Hi, I’m a complete AN noob. I’ve been using blender for years, but i’m pretty clueless when it comes to this awesome plugin, even though I know how to compile it… xD

I have a project i’m doing where i’m supposed to show a robot being guided by a 3D camera. There is a camera that is set up on the side of a production line. I’m going to make a loop where an object passes through the pointcloud. I need the points to have slight animation, so it kinda ‘lives’ a little. And then these points need to be displaced by the object being animated through it… I don’t even know where to start with this. Particles, instanced objects on a plane, I have absolutly no idea which one would be the best, or even how to do it… I know people here have things to do, but if there is someone here that can help me, I would be very happy. :slight_smile: Right now I’m doing an emergency-solution with a polkadot pattern on a shrinkwrapped plane that kinda follows the object. But it doesn’t really look optimal, and my customer is really picky… xD

hi:heart::heart::heart::heart::heart:

How can I get a None object? For example, in a loop, I would like to add something to a list only when certain conditions are met. Here’s what it would look like:
anNone
In the above example, I’d like to append something to the list only if the condition is False. If the object connected to the ‘True’ input were None, I’d expect nothing would be added to the list. How can I do this? TIA!

PS: I’ve tried not connecting that input, but that doesn’t work. Also note that the list in question is defined as an ‘Integer List’ parameter of a Loop. The ‘A’ input of the condition is the Index of that Loop.

Here’s my blend file: recaman-002.blend (665.8 KB)

That should be possible with AN.

Hello,
I wondered why your approach doesn’t work.

The point seems to be a matter of datatypes and lists. I did’t get None values added to an integer list.

So I tried a generic list and it works without a data type mismatch error. Hope this could help.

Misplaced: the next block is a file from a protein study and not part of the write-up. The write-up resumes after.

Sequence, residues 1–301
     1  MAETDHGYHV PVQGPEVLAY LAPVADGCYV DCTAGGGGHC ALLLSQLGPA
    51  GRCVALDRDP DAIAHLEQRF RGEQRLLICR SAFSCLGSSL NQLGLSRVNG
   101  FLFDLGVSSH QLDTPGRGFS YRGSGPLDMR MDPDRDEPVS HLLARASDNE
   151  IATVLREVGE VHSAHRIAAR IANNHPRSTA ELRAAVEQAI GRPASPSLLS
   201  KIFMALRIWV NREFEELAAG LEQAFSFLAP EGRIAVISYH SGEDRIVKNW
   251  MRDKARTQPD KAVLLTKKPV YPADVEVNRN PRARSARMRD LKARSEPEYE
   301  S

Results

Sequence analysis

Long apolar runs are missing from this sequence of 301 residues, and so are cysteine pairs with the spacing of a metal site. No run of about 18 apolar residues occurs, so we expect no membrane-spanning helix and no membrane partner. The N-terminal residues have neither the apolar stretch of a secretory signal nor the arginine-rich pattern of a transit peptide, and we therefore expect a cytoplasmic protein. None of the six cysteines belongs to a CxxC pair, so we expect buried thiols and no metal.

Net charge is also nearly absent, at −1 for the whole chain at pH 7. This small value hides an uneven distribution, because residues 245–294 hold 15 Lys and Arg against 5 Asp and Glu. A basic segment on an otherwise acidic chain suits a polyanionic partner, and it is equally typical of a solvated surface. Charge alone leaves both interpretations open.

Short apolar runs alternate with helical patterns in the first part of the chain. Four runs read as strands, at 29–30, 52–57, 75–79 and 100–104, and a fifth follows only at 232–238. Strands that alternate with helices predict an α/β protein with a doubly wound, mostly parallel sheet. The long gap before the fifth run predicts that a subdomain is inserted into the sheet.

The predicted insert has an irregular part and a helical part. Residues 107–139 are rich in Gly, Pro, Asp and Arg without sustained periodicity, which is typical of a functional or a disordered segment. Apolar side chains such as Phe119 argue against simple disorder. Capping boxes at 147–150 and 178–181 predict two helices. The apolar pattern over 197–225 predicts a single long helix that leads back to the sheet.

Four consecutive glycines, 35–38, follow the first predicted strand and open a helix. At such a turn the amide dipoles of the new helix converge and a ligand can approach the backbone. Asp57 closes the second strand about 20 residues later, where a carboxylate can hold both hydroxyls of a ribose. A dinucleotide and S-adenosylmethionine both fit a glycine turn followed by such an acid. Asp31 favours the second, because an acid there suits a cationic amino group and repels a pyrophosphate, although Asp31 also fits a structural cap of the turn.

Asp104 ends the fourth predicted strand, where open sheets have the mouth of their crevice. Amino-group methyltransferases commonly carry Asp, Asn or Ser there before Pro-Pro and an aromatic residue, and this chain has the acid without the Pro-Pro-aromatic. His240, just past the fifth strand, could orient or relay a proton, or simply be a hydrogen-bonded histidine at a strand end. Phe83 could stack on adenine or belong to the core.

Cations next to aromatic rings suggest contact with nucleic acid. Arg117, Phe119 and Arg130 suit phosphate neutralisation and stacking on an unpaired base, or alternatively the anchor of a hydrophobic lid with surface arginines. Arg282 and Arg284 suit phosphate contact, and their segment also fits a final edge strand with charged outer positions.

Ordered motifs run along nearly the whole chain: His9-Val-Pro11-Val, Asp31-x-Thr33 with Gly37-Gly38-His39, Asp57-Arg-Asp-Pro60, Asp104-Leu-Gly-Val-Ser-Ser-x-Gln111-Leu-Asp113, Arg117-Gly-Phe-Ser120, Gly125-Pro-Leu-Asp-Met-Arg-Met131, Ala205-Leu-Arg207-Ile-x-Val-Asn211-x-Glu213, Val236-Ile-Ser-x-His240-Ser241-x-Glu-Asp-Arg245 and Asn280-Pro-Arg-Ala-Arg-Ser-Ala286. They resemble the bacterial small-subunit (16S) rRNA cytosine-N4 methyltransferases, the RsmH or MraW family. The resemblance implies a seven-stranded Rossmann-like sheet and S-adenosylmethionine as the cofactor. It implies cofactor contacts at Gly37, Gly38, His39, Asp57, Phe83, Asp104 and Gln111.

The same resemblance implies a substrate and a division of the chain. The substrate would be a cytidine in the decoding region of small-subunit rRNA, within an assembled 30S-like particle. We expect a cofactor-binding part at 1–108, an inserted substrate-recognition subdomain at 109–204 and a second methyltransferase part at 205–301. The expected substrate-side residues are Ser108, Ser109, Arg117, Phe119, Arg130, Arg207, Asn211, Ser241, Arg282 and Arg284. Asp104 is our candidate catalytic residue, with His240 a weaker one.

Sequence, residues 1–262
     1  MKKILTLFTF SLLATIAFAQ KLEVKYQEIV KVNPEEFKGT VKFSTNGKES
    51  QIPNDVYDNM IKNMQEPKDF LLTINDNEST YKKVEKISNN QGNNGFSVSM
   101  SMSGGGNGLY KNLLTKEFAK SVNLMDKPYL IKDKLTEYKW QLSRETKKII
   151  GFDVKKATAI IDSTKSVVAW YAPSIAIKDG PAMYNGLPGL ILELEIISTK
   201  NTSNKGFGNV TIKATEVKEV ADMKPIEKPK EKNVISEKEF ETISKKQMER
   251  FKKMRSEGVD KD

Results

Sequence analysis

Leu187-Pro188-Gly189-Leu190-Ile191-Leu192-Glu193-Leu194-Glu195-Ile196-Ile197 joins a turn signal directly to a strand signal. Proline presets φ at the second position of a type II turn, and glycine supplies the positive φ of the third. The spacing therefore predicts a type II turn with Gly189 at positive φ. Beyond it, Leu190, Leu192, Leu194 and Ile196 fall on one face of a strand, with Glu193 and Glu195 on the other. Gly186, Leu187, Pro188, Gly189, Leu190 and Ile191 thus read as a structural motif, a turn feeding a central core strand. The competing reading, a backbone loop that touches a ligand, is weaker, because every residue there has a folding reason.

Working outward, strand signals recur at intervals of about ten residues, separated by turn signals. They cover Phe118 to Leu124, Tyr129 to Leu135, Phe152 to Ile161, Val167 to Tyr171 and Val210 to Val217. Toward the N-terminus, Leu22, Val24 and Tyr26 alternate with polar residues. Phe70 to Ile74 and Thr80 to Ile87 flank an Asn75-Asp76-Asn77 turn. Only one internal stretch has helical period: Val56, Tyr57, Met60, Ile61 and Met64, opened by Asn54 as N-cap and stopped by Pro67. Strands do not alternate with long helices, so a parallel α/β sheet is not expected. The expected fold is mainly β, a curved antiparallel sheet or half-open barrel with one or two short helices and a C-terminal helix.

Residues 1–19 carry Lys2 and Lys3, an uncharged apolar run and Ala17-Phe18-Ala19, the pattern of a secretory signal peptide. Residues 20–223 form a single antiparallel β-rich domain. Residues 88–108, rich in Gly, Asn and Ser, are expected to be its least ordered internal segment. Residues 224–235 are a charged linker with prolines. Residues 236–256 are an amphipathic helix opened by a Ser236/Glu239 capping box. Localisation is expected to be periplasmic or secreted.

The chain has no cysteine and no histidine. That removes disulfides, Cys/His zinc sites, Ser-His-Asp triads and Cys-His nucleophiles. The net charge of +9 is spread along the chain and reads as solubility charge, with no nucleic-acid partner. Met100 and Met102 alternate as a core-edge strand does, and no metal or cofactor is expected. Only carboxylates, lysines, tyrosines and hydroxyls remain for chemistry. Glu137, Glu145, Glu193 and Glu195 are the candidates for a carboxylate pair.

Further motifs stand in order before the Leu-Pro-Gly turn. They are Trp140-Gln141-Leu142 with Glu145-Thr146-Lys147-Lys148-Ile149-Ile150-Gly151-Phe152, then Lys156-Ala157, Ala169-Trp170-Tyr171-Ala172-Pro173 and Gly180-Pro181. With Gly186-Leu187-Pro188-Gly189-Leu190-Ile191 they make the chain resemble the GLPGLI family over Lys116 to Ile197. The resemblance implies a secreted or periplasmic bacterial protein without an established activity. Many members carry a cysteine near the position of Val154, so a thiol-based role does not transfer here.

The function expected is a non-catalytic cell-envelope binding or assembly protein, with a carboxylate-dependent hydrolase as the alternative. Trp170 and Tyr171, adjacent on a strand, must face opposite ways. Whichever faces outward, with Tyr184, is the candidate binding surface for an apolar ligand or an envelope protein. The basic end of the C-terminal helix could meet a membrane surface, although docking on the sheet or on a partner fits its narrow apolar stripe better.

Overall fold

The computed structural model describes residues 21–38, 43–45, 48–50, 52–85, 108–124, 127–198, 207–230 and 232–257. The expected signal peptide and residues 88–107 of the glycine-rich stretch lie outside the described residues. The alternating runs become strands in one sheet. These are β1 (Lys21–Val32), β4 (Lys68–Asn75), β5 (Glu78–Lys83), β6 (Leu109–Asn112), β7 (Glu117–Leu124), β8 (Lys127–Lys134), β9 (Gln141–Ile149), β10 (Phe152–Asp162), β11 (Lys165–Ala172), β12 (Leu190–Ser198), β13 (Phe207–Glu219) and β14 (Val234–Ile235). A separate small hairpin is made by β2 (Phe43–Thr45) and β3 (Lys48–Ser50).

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Thanks, and while that does clear up certain issues I was having, it doesn’t really solve my problem, I think, so let me rephrase that using an example:

I would like a network that, given a list of numbers (int/long), filters out those numbers that are divisible by 3. So given the input list [1, 3, 4, 5, 7, 33], I would like to generate this output list: [3, 33]. How can I best do this?

If I were to program this in Python, I’d iterate over all the numbers in the input list, and add the current number to the output list if it is divisible by 3. So it comes down to being able to decide whether or not to perform a certain action (append element to list) depending on certain conditions (number is divisible by 3).

What I tried was, when the conditions are not met, set the output list to be added to to None, so no element could possibly be added. But I can’t get that to work.

Actually, see that button in the bottom right corner? I’d like there to be an extra button, saying ‘New Continue Condition’.

Well I focused on the None values assuming they were needed for further processing.

Well the condition input you’re looking for exists but its a little hidden.

The reassign loop parameter has a “Condition” input that is hidden by default. If you activate it it is accessible in the node tree.

Another point to keep in mind ist to activate the “Copy” option of the reassign list parameter.

So I assume this node tree works as you want it to. I tested it with some random numbers that I convert to Integer (floor) (becaus meeting the condition with floats is very unlikely).

To get into details you can look them up in the AN documentation.

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Just the other day I was rigging and thought, gee, I could make myself a nice 3d blendspace for that hip joint with animation nodes. Was quite disappointed to see no bone support.

Is there any word on when we might see some bone-related nodes in AN?

Yep, that sure solves the problem I was having. Thanks for your time and effort to help me get this to work!

I still haven’t quite gotten my head around this reassignment business, it seems. I’ve been reading most of the documentation where this is mentioned, but I can’t seem to grasp the rationale behind this. Why is this necessary? Why does this reassignment not happen by default? Is there an equivalent in ‘regular’ programming? If somebody could point me towards an answer to these questions, that would really help me out in my future endeavours. I wouldn’t want to have to keep bothering everybody here whenever I’m writing a new loop, right… :wink: